Don't fall into the trap of thinking that if someone knows you "too well" you automatically fall into the "friend zone." That's for the emotionally juvenile. Ask any married person, and they will tell you that their love, intimacy and sexual chemistry grows when they are open and vulnerable with one another.

Admittedly, being open is an incredible risk. Even though I've always been part of faith communities that have encouraged me to be vulnerable with my struggles - whether it's doubt, or grief, or fear or anger, I often feared that showing my weaknesses would frighten away potential dates in my community.

Sometimes, it did. But more often than not, openness led men to see the type of woman I was and was becoming. The men that did approach me already knew something of my heart and my character. It made that dreaded "first date," where there's usually the struggle to find something to talk about, much easier. There was already a foundation of openness, honesty, and some level of friendship.

For me, personally, I find seeing a man who is open and honest about who he is, and where he is currently at, extremely attractive. I would dare say most women would agree that a vulnerable man is a sexy man.

Reason #3: Sharing a community of faith increases the likelihood that you share the same theology. 
I re-wrote this one over and over, trying not to come off sounding like a narrow-minded, conservative fuddy-duddy. I'm not sure I can. What I'm trying to say here is that sometimes, a difference in theology can a deal breaker. Maybe for most, it won't matter, but for some, me included, it matters a great deal because what we believe affects how we live our lives as single people and as married people. And when I talk about differences in theology, I mean big things - like egalitarianism vs. complementarianism or cessationism versus continuationism.

I won't speak for the entire Christian population, but as a woman who believes that men and women are equal, and therefore women can also hold spiritual leadership roles, and who also believes that the Holy Spirit and all spiritual gifts (even the scary ones) are alive and well today, I'm not going to be able to marry someone who believes the exact opposite. Nor, I suspect, do men that believe the exact opposite want to marry a woman like me. It's true that we all evolve as people and our views may shift over time. But if I'm pretty set in these two theological view points, why would I expect that my dates shift in their view points?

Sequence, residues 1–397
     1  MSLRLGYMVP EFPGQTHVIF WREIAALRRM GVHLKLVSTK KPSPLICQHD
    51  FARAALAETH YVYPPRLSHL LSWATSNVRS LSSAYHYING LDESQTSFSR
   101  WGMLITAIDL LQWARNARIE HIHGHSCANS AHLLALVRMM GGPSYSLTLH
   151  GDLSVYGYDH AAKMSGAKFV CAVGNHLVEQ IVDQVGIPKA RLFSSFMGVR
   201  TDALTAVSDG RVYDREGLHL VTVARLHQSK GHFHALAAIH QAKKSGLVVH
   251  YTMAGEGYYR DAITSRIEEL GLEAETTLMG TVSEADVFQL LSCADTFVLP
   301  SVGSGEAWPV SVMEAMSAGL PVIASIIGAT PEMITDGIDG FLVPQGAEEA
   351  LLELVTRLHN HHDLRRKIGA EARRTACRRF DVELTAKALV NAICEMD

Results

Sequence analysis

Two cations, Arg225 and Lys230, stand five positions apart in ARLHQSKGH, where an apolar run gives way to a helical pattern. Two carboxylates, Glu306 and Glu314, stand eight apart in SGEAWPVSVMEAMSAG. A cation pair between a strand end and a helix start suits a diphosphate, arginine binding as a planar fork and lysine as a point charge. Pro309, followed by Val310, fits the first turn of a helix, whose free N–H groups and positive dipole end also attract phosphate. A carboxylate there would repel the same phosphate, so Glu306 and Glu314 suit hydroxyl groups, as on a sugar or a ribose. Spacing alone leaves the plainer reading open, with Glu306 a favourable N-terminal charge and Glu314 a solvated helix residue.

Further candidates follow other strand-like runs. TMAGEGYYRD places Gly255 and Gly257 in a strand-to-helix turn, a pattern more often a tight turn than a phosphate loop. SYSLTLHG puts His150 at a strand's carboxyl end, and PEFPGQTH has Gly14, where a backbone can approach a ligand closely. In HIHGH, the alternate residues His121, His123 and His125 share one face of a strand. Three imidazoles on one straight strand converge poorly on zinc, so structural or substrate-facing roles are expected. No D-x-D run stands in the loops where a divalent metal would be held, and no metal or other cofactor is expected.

Also, maybe these issues don't come up in day-to-day dating or married life and we could live for years perfectly happy with our differences. But when we have daughters, you bet it'll affect how we raise her. What if she's been gifted to teach and lead both men and women? Would we never even see those gifts because one half of our family doesn't believe that women can be called by God to lead all kinds of people? What if my daughter feels like God is leading her to be in some sort of spiritual leadership role over both men and women? What then?

In my season of dating outside of my community, my greatest dilemma wasn't where to find Christian guys. It was finding the kind of Christian guy who shared similar viewpoints on foundational theological issues. Turns out there a quite a few Christian men in Los Angeles. The ones that shared my theological views constituted a tiny subset. The men in my community may not always share my theological views, but there's a higher percentage of them that do, compared to any other place.

Reason #5: Sharing your faith community is going to have to happen eventually anyway. 
Maybe dating in community is awkward, and strange, and feels like you're in a fishbowl. But, if you date someone long enough, and if you're serious about "becoming one," you're going to have to merge your communities of faith at some point. It's not like you can keep going to different churches forever.